Nigeria’s currency, the naira, has been getting slammed as the oil-exporting nation has been getting squeezed by tumbling crude prices.
However, it looks like the official price of the naira has stabilised against the dollar in the last couple of weeks after the central bank stepped in and restricted currency trading. Early December, the central bank also took 300 billion naira out of circulation in its effort to support the struggling currency.
Reuters reported last week that the street price of the currency is lower than the official price, and it could be close to a record low. At times during the week before Christmas, the rate was as much as 190 naira to the dollar. It seemed to be about 187 as of Monday.
A separate Reuters report notes that the central bank’s foreign exchange reserves are at $US34.5 billion as of Monday — down almost 21% on the year.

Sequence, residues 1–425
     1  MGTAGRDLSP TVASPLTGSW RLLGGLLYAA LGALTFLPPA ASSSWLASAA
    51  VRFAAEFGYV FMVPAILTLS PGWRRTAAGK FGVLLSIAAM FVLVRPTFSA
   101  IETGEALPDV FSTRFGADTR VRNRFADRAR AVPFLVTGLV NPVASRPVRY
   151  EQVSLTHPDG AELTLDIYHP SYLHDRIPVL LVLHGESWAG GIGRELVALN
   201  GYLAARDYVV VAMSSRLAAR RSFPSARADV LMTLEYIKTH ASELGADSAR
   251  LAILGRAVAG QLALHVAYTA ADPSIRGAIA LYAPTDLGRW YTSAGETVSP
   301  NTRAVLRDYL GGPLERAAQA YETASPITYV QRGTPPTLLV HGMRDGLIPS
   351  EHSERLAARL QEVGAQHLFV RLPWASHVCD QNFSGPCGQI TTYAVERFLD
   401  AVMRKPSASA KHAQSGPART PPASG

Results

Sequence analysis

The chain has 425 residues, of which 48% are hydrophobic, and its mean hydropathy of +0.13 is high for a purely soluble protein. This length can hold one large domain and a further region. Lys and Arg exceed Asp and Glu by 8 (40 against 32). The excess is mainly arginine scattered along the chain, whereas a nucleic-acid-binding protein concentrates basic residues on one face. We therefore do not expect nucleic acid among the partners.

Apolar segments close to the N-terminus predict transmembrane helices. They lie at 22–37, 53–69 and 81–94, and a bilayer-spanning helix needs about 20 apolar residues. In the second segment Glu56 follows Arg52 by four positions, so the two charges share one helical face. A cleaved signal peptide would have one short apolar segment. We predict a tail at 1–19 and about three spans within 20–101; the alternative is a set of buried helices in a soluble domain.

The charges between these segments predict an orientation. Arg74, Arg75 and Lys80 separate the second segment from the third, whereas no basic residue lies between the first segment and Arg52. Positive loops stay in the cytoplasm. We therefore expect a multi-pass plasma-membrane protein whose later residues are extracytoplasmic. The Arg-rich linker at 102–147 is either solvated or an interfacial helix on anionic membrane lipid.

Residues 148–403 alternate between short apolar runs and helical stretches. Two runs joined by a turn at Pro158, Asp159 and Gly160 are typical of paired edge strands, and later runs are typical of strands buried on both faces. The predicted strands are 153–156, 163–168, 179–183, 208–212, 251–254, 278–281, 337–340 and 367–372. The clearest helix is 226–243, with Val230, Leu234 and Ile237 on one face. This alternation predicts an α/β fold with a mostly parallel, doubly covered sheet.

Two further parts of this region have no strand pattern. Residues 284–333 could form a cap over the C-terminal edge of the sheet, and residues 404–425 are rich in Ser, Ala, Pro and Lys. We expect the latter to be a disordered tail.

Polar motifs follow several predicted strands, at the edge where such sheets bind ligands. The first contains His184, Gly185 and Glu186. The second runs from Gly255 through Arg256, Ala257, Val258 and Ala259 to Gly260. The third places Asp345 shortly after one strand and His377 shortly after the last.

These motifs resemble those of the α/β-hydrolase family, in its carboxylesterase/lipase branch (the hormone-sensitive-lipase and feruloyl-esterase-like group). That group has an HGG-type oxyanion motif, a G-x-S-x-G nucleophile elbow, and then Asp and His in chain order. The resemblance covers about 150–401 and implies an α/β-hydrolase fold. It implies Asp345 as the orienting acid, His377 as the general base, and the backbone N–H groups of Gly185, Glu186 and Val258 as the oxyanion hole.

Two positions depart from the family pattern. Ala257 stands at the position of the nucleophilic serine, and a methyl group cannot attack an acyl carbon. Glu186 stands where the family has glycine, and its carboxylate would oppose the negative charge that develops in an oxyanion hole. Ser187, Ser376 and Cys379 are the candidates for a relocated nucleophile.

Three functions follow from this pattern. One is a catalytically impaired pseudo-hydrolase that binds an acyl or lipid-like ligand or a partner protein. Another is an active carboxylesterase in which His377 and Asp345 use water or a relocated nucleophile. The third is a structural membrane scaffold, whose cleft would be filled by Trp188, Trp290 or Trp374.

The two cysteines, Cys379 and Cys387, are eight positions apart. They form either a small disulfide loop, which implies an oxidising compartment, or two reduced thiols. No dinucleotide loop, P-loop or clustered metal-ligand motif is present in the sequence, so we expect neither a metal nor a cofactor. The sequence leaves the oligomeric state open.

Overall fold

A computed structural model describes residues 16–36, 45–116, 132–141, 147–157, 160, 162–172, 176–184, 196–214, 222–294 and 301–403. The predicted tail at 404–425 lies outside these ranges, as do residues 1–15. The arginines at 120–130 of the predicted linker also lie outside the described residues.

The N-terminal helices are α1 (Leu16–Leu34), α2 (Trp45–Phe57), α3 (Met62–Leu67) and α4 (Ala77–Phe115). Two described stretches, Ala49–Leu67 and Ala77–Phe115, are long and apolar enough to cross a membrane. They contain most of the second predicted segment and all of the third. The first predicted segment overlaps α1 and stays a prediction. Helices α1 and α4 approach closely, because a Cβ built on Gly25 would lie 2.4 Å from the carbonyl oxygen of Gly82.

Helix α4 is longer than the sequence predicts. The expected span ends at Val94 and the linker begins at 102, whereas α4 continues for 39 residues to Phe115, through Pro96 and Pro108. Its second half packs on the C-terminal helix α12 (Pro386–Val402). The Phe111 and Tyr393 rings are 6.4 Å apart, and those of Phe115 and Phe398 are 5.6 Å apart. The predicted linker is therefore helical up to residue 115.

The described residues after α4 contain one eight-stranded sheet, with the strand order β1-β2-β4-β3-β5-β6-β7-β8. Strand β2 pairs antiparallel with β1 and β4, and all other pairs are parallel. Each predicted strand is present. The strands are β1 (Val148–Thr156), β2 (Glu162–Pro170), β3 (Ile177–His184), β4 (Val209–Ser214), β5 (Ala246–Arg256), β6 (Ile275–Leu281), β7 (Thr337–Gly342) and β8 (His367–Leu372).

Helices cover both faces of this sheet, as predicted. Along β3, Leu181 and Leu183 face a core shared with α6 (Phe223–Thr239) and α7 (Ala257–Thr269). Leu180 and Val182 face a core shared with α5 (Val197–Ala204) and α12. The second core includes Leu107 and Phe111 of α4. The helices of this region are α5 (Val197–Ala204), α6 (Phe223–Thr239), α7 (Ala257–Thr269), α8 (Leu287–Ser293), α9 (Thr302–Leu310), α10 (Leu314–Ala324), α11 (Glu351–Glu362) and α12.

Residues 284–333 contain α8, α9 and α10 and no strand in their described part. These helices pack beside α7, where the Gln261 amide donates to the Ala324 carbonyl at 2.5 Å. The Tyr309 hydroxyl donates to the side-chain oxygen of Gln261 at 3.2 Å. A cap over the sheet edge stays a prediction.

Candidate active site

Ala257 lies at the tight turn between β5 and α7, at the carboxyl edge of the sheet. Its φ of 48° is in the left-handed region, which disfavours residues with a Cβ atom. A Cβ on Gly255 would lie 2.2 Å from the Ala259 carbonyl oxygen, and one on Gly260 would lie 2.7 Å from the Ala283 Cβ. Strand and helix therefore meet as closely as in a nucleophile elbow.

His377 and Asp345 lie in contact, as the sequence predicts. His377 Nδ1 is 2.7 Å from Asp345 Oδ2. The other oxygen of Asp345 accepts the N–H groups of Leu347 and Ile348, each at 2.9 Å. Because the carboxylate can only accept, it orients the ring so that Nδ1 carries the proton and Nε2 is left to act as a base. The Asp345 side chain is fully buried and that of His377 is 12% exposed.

This is a story to watch as Nigerian national elections approach in February. Experts are expecting it to be expensive (even more so as the price of oil continues to drop) and potentially bloody. In the backdrop is what more or less amounts to a war against Boko Haram in the north of the country. A currency crisis won’t be likely to help any of these things.
Why does any of this matter? Nigeria is (somewhat arguably) the largest economy in Africa. It’s been growing at a clip of about 7% for years. But on a per capita basis it’s still very poor, not to mention very young. According to the Economist it needs to sustain double-digit growth just to absorb the millions of people ageing into the labour force. That’s not going to happen if the country is in crisis.
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